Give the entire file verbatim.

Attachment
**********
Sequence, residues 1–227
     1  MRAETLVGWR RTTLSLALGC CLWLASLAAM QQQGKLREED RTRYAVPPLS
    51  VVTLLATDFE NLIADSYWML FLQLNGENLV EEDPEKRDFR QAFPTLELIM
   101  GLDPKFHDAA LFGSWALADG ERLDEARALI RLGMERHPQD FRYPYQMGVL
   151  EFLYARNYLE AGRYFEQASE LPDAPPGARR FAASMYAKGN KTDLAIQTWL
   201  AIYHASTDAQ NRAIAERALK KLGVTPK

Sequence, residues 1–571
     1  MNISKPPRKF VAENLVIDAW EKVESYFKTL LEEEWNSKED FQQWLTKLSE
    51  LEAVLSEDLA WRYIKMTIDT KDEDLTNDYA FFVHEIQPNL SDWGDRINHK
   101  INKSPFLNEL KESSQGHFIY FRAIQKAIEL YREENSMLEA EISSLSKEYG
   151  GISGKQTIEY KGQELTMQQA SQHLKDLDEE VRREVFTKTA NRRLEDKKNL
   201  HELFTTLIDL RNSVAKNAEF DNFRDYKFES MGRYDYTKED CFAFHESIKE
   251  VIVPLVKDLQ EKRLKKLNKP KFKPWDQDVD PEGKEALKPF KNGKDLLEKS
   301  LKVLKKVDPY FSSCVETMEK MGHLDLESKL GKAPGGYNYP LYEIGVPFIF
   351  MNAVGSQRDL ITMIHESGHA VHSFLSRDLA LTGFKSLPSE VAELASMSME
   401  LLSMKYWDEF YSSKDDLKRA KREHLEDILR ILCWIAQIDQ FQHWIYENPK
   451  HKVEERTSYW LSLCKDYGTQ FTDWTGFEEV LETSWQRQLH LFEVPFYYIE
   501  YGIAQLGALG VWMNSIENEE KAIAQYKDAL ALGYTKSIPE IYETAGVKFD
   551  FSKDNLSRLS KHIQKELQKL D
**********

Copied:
Sequence, residues 1–227
     1  MRAETLVGWR RTTLSLALGC CLWLASLAAM QQQGKLREED RTRYAVPPLS
    51  VVTLLATDFE NLIADSYWML FLQLNGENLV EEDPEKRDFR QAFPTLELIM
   101  GLDPKFHDAA LFGSWALADG ERLDEARALI RLGMERHPQD FRYPYQMGVL
   151  EFLYARNYLE AGRYFEQASE LPDAPPGARR FAASMYAKGN KTDLAIQTWL
   201  AIYHASTDAQ NRAIAERALK KLGVTPK

Sequence, residues 1–571
     1  MNISKPPRKF VAENLVIDAW EKVESYFKTL LEEEWNSKED FQQWLTKLSE
    51  LEAVLSEDLA WRYIKMTIDT KDEDLTNDYA FFVHEIQPNL SDWGDRINHK
   101  INKSPFLNEL KESSQGHFIY FRAIQKAIEL YREENSMLEA EISSLSKEYG
   151  GISGKQTIEY KGQELTMQQA SQHLKDLDEE VRREVFTKTA NRRLEDKKNL
   201  HELFTTLIDL RNSVAKNAEF DNFRDYKFES MGRYDYTKED CFAFHESIKE
   251  VIVPLVKDLQ EKRLKKLNKP KFKPWDQDVD PEGKEALKPF KNGKDLLEKS
   301  LKVLKKVDPY FSSCVETMEK MGHLDLESKL GKAPGGYNYP LYEIGVPFIF
   351  MNAVGSQRDL ITMIHESGHA VHSFLSRDLA LTGFKSLPSE VAELASMSME
   401  LLSMKYWDEF YSSKDDLKRA KREHLEDILR ILCWIAQIDQ FQHWIYENPK
   451  HKVEERTSYW LSLCKDYGTQ FTDWTGFEEV LETSWQRQLH LFEVPFYYIE
   501  YGIAQLGALG VWMNSIENEE KAIAQYKDAL ALGYTKSIPE IYETAGVKFD
   551  FSKDNLSRLS KHIQKELQKL D